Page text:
"REMOVES THE MASK FROM HISTORY": FIRST EDITION OF PIONEERING BLACK FILMMAKER AND NOVELIST OSCAR MICHEAUX'S FINAL NOVEL, MASQUERADE
MICHEAUX, Oscar. The Masquerade. An Historical Novel. New York: Book Supply, 1947. Octavo, original gilt-stamped maroon cloth, pictorial endpapers, original dust jacket. $1000.
First edition of Micheaux's last novel that draws on Charles Chesnutt's House Behind the Cedars (1900) and "calls into question the mechanisms of history itself" with inclusions of "extended passages from the Lincoln-Douglas debates, Lincoln's first inaugural address [and] the story of John Brown," very scarce in the elusive colorful dust jacket.
The son of former slaves, "Micheaux successfully fashioned almost single-handedly… a prototype for African American independent cinema" and upended conventions of the novel (Oxford Companion to African American Literature, 495). His seven novels and nearly 40 films were "innovative in ways that philosophically and politically challenged the contemporary standards" (Green, Reemergence of Oscar Micheaux, 227). Influenced by Booker T. Washington's philosophy, "not of destruction but of construction," Micheaux "wanted to claim for Black people the right to status as the new Adams and Eves… [and] created a textured and layered response to the social crises that circumscribed African American life" (Bowser & Spence, Oscar Micheaux's Symbol of the Unconquered, 81).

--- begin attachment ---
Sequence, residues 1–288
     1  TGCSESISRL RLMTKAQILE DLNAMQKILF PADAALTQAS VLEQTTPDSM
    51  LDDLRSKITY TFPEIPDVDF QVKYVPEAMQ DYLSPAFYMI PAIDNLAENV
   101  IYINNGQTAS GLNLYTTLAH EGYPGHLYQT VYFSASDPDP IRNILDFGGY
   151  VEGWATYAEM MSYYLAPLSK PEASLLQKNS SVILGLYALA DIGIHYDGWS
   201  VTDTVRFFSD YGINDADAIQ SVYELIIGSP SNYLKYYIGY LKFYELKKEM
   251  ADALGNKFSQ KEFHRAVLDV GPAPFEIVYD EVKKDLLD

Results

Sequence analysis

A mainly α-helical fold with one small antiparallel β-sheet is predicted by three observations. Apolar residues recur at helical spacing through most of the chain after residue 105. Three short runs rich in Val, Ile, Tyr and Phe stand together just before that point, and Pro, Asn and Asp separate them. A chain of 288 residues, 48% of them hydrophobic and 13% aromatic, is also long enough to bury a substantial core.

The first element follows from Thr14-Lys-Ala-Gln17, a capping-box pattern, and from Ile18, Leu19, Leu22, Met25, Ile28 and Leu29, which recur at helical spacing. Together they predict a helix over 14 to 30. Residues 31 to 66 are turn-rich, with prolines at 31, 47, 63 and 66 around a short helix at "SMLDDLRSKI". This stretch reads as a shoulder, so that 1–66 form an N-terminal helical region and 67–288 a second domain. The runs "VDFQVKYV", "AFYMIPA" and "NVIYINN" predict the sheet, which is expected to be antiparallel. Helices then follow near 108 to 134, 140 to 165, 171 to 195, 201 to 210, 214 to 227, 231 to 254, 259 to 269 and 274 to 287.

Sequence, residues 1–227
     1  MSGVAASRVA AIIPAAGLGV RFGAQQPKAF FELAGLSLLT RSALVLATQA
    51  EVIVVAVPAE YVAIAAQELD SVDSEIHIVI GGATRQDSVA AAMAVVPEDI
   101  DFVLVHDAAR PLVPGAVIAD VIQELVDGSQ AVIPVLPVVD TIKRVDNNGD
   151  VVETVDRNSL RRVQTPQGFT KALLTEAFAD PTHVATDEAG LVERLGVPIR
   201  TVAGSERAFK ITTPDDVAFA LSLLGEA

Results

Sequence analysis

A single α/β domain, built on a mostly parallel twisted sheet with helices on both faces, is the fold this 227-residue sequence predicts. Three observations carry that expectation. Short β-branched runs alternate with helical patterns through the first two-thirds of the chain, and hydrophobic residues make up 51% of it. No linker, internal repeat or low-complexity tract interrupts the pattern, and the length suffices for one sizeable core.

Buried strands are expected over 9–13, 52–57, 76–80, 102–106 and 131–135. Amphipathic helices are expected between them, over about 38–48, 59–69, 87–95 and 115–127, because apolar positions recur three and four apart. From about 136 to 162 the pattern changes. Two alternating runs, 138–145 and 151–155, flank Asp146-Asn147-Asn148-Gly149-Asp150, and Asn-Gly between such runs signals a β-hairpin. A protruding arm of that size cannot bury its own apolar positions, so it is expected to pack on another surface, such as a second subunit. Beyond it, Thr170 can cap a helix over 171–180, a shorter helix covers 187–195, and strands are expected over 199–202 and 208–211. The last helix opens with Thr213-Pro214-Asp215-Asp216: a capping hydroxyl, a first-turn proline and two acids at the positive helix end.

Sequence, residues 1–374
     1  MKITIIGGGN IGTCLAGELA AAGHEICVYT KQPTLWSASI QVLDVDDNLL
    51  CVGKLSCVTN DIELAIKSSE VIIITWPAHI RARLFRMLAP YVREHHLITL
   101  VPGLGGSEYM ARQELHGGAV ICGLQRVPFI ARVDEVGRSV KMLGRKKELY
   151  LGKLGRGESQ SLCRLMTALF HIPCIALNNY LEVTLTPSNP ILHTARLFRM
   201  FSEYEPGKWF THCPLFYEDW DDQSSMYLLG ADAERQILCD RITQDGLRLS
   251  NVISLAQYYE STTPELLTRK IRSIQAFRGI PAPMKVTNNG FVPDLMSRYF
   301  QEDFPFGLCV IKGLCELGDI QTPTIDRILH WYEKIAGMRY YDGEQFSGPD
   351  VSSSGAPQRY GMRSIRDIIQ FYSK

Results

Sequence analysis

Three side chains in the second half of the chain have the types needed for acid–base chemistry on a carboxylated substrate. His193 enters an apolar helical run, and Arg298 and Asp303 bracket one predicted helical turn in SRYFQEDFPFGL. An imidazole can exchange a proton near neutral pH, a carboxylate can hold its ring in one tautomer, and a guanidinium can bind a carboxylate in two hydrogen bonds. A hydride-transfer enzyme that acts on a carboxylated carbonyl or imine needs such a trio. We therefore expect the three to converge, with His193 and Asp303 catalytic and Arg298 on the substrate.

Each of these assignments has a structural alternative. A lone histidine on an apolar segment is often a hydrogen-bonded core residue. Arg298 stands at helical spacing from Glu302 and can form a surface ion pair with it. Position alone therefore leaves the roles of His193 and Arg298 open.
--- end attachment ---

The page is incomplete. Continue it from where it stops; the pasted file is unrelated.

Masquerade, his final novel, drew on Charles Chesnutt's 1900 novel, House Behind the Cedars, which Micheaux also used as the basis for his lost 1924-25 silent film, as well as his 1932 sound film, Veiled Aristocrats. Here, by juxtaposing his version of Chesnutt's work with "historical documents and narratives, including extended passages from the Lincoln-Douglas debates, Lincoln's first inaugural address [and] the story of John Brown," Micheaux was, in effect, a film editor splicing "together pieces of film in order to create a coherent, unified and, from his perspective, historically accurate and stirring narrative." To scholar Brian Cremins, "what is most fascinating about Micheaux's largely ignored final novel is not so much the history lesson… but the way in which he calls into question the mechanisms of history itself… [he] removes the mask from history itself and… subverts white master narratives of race and class by appropriating and manipulating the basic components of those narratives. In Micheaux's hands, Chesnutt's grim story of the beautiful but damned Rena Walden is transformed" (Oscar Micheaux… and the "Historical Novel," 155). Blockson 5843.
Book fine; light edge-wear to price-clipped near-fine dust jacket.